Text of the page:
System 7 Finder window
7.1.2 Disk Tools Finder
System 7 Finder window with no text or icons drawn
7.1.2 Install CD Finder

Classic System Software is mostly a closed-source black box (outside of leaks), and while DingusPPC is open source, it’s a codebase that is still pretty foreign to me. In the absence of other ideas, I figured that creating a more reduced test case would be a good use of time. This reminded me of my investigations into Chromium/WebKit rendering bugs, where half the battle was reducing a complex web page down to a minimal test case.

I examined the two system folders and observed that the CD-ROM one was quite a bit larger, with additional extensions, a different enabler¹, and a bigger System suitcase.

System Folder from the 7.1.2 Disk Tools floppy, list view System Folder from the 7.1.2 CD, list view

I created a read-write copy of the CD-ROM system folder and used a native build of Basilisk II to operate on it, removing or switching out files one a time to morph it into the floppy version, and looking for any differences when booting it in DingusPPC. It turned out that switching out the “Minimal PowerPC Enabler” on the floppy with the full “PowerPC Enabler” one from the CD-ROM was the key difference — with the full enabler text would not render.

I then opened the two enablers in ResEdit and compared them — the full one had a bunch more resources. I thus repeated the process, deleting extra resources one at a time to morph the full enabler into the minimal one.

ResEdit view of resources in the Minimal PowerPC Enabler ResEdit view of resources in the regular PowerPC Enabler

It turned out that the culprit was the ntrb resources, specifically removing ID 16 (StdTextTraps) and 18 (QuickDrawTextTraps) would restore text rendering. They contain PowerPC executable code — the giveaway is the Joy!peff prefix that is the header of the Preferred Executable Format. “Traps” refers to the system/Toolbox calls. My assumption is that the ROM of the first generation of Power Macintoshes was finalized relatively early, and contained mostly 68K code that would need to be emulated². The PowerPC enabler contained native implementations of more of the Toolbox, which were loaded in via these ntrb resources. These particular resources had native implementations of the text subsystem, which was very much in line with where the buggy behavior was.

Between resource_dasm and some help from DingusPPC Discord member joevt I was able to get a list of the 14 Toolbox traps that were being reimplemented as native PowerPC versions. The one that immediately stood out was StdTxMeas – here’s a description of it from Inside Macintosh: Text:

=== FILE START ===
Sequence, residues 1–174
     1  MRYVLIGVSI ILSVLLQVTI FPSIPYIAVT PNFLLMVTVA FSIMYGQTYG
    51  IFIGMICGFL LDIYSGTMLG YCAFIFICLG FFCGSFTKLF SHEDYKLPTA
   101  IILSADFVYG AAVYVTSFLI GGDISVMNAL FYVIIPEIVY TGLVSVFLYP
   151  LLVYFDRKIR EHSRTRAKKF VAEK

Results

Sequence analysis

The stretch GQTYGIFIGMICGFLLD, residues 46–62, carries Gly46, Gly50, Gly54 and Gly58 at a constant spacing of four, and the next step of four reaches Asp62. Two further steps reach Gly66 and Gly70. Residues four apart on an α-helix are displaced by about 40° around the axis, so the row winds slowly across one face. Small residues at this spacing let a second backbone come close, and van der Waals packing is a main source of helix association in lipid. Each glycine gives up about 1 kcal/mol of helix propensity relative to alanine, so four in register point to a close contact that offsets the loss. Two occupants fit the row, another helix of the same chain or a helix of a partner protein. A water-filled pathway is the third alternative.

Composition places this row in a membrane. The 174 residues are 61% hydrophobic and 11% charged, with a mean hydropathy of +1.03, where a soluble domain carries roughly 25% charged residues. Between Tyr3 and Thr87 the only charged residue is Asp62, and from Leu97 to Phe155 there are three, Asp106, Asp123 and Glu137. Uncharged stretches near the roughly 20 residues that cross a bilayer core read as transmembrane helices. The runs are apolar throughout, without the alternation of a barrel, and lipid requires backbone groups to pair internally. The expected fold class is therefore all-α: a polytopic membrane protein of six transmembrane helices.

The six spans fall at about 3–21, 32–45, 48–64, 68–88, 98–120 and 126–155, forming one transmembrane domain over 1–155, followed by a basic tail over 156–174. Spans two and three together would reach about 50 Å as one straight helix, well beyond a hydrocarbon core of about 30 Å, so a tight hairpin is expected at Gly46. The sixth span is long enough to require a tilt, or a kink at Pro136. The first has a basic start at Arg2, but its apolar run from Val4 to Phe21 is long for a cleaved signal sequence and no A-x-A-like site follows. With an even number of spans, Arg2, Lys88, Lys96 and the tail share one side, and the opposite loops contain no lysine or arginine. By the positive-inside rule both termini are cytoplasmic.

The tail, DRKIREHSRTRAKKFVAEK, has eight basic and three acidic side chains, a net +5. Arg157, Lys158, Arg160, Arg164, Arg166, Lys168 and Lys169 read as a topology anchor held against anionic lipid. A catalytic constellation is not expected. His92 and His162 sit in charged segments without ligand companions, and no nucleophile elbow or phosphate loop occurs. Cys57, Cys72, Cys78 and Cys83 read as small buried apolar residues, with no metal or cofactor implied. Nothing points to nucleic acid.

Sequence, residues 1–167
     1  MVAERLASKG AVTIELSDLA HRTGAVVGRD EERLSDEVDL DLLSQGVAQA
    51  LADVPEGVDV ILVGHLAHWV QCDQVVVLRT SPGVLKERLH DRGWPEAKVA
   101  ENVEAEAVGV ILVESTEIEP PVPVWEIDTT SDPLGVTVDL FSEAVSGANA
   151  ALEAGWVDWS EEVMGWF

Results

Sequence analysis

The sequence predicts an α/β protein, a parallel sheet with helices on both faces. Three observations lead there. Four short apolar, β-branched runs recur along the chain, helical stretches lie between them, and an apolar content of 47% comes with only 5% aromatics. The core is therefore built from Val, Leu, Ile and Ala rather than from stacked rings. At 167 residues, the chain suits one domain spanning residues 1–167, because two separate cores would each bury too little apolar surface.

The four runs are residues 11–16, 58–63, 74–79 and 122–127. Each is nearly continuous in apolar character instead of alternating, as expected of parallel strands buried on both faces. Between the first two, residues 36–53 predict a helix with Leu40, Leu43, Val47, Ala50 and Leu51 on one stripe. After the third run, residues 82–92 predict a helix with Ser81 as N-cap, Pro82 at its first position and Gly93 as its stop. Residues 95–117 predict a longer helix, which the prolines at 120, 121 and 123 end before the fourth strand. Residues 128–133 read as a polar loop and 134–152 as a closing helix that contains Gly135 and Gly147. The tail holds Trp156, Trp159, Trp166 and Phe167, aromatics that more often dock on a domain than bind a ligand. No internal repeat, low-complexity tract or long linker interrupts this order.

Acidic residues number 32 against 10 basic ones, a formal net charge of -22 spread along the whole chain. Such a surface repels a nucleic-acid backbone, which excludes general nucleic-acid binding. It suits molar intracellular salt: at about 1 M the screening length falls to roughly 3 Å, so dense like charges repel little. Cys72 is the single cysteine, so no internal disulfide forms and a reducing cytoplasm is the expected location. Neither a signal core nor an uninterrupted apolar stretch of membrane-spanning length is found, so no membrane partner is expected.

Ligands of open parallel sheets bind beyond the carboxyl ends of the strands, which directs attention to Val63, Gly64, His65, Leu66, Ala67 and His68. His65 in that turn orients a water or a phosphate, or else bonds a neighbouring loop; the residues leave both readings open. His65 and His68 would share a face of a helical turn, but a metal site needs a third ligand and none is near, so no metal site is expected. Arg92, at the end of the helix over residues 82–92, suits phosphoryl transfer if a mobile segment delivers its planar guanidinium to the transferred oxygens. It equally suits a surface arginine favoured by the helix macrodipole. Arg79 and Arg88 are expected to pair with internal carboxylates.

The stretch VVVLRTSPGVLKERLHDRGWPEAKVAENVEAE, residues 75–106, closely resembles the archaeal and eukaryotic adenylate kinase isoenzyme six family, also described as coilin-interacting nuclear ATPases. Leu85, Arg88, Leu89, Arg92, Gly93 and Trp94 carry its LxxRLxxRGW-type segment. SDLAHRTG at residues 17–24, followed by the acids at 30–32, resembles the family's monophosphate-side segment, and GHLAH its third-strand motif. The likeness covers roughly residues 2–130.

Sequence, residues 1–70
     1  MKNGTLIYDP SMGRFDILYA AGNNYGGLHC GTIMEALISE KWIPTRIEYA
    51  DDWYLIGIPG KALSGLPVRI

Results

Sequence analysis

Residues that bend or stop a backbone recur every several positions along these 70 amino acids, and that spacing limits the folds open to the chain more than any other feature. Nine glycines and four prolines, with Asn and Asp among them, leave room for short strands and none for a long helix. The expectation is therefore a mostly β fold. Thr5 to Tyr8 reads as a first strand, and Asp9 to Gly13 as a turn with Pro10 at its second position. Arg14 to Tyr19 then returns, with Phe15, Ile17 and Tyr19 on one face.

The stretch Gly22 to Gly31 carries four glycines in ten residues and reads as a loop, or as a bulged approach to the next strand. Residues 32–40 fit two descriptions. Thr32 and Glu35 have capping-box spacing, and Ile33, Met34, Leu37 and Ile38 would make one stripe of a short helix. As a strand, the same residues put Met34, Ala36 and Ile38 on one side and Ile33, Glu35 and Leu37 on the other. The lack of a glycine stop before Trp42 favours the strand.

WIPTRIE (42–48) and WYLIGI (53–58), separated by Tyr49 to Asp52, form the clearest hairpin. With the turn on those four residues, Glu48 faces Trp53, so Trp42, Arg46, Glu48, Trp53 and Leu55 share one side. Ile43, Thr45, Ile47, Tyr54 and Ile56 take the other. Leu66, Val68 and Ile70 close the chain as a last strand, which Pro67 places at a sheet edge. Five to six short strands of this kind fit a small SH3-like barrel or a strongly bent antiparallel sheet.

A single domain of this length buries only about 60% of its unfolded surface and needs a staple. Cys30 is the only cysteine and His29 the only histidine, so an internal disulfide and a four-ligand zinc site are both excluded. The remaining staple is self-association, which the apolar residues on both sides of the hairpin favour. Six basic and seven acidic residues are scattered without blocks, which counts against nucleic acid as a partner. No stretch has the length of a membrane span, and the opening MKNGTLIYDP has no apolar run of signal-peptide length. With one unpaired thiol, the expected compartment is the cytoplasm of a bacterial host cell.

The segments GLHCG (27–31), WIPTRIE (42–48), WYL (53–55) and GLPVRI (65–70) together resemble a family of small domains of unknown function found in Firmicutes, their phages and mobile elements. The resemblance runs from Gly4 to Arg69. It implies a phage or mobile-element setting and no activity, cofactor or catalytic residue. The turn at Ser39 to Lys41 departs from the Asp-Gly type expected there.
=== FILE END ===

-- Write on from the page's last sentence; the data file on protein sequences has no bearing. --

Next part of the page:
The QuickDraw text routines use two of the bottleneck routines extensively—one to measure text (StdTxMeas) and one to draw it (StdText). Most of the high-level QuickDraw text routines call the low-level routines. The use of bottleneck routines provides flexibility to QuickDraw and applications that need to alter or augment the basic behavior of QuickDraw.

While I had significantly narrowed where things were going wrong, I was reaching the limits of what I could via basic file system and ResEdit hacking. Ideally I would have a simple test program that just called StdTxMeas, so that I could examine its behavior in isolation.

It was thus time to crack open CodeWarrior and write a simple test program. I used the SillyBalls sample code as a starting point — there certainly used to be a lot of boilerplate in getting a basic window up on the screen. I created a simple test function that draws a string and then its bounding box as determined by StdTxMeas. Lacking the ability to render debugging text, I used FrameRect as the output mechanism.

void TestStdTxMeas(WindowPtr mainWindowPtr) {
    Rect measureRect;
    Str255 testString = "\pHello World";
    Point number = {1, 1};
    Point denom = {1, 1};
    FontInfo fontInfo;
    int width;
    MoveTo(20, 20);
    width = StdTxMeas(testString[0], testString + 1, &number, &denom, &fontInfo);
    // +1 for the width so that if we get a zero we can still see the rect.
    SetRect(&measureRect, 20, 8, 20 + width + 1, 24);

I set the program as the startup item (so that I wouldn’t have to navigate blindly in a half-drawn Finder window) and observed its behavior under both emulated and native implementation of the text traps.

QuickDrawTester window showing expected output of "Hello World" surrounded by a rectangle QuickDrawTester window showing incorrect output with just a black line

Sure enough, it looked like when using native PowerPC code, StdTxMeas would end up returning 0 instead of the expected value. I suspected a bug in DingusPPC’s PowerPC CPU emulation, but it was unclear where. I had some false starts: